GCC Press Review 22 May 2020

Front Page Headlines


And life goes on with mask and antiseptic

Relief but also hesitation on the premiere of the exit from the quarantine.  Hairdressing salons and barbershops under surgery conditions with strict social distancing and hygiene measures. Due to the heat people preferred to go to the beaches. The tables at cafeterias and restaurants were not full.

  • First step on June 8 – Crossings open gradually.


Opening of tourism

We start with two-tier tourists. Health certificate from visitors from ‘dangerous’ countries. Today, the dates of the lifting of restrictions in airports. No quarantine for those repatriating.

  • First step for the opening of the crossings
  • Criminal investigation for ambulance episode
  • Turkish provocations in the Aegean Sea


They turned their backs on children with disabilities

For some children, the school bells did not ring yesterday since the classrooms could not welcome them, according to the health ministry’s instructions. On top of that, special education children went to school yesterday but will not be able to go today because they need certain verifications…

  • Crossings: They gradually open from June 8

Cyprus Mail

Critical day for air travel

Cabinet to decide, list of 20 countries on the radar.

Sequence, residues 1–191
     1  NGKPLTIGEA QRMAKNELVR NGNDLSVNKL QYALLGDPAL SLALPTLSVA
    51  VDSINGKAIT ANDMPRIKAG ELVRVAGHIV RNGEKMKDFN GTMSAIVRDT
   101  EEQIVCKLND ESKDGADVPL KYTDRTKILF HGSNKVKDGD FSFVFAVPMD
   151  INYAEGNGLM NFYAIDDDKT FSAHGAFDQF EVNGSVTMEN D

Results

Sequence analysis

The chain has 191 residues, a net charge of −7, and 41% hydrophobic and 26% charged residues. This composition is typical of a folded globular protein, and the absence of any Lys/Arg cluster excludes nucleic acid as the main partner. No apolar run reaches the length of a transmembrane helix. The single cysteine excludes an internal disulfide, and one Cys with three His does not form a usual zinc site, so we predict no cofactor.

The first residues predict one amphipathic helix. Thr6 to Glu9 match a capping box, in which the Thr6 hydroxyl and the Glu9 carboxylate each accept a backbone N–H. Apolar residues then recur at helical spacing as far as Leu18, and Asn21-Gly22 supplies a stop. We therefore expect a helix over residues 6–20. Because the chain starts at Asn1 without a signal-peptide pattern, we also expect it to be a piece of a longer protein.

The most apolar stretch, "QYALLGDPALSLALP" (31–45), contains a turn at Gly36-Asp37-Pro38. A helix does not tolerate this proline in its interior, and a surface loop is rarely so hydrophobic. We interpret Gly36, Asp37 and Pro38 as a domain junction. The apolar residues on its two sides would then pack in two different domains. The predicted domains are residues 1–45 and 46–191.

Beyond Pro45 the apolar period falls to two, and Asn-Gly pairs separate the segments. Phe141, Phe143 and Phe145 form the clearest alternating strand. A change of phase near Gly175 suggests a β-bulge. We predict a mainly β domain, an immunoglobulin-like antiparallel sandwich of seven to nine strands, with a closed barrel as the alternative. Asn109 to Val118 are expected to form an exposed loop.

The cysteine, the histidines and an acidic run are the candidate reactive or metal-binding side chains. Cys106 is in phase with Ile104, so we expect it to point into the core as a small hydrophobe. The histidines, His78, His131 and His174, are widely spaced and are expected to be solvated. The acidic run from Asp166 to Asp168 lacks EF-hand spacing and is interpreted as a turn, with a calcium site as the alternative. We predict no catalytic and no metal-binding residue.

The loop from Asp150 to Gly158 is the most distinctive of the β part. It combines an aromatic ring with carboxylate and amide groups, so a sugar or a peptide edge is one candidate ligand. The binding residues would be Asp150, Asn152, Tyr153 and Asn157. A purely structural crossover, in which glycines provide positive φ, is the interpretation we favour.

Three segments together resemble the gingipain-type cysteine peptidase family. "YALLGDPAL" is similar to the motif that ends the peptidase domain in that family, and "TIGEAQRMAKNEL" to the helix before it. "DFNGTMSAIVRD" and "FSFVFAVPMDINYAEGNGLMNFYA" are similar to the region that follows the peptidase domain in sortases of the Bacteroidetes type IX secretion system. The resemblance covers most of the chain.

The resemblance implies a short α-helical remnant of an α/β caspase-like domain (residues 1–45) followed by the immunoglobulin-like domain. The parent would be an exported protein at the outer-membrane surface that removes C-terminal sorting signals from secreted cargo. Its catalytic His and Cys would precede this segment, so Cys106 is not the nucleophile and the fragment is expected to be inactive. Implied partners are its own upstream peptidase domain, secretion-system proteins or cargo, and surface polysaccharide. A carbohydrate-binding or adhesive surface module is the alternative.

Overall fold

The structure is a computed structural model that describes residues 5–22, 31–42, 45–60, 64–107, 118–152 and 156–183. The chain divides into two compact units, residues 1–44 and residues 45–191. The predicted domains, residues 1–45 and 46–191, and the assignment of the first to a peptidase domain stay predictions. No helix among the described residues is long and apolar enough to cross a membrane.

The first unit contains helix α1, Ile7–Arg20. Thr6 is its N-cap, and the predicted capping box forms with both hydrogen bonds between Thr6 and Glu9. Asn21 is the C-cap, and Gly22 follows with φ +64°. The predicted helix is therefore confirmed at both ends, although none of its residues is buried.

• Crossings by car but only for some


Hope for tourism

Today, the cabinet decides.

  • Crossings open too: It was agreed during a telephone conversation yesterday between President Anastasiades and Akinci – From June 8, the movement of TCs working or studying in the free areas or for medical reasons and for GC enclaved and the Maronites. Between June 15-20, all of them will open.

Main News

Gradual lifting of crossing restrictions announced

Alithia, Cyprus Mail, Haravgi, Phileleftheros, Politis
CBMs, Human Rights, Internal Security


All dailies report on the agreement between the two leaders on Thursday to allow some groups of people cross between the island’s two sides as a first step in lifting restrictions on crossings.

The decision came a day prior to announcements on the opening of airports and the restart of tourism.

According to the papers, Government Spokesman Kyriacos Kousios announced that President Nicos Anastasiades briefed TC leader Mustafa Akinci during a telephone conversation on a decision on the gradual lifting of movement restrictions.

He said the two leaders, agreed, as a first step, to allow as of June 8, some groups of people to be using the crossings; TCs working or studying in the south or people who undergo treatment at the Bank of Cyprus Oncology Centre, the Institute of Neurology and Genetics and state or private hospitals within the Republic. The enclaved and Maronites who reside permanently in the north will also be allowed to cross from June 8.

As regards pupils, they will be allowed to cross only through Ledra Palace crossing, from where buses will be taking them to their schools.

Kousios, who said the telephone conversation was on Anastasiades’ initiative, also said that the crossing of people for humanitarian reasons will continue while the government will regularly conduct random tests on people who will be passing from the crossing points.

It was also agreed that the bi-communal Technical Committee on Health will convene as soon as possible to exchange views on the gradual opening of crossing points, depending on the epidemiological situation at the time.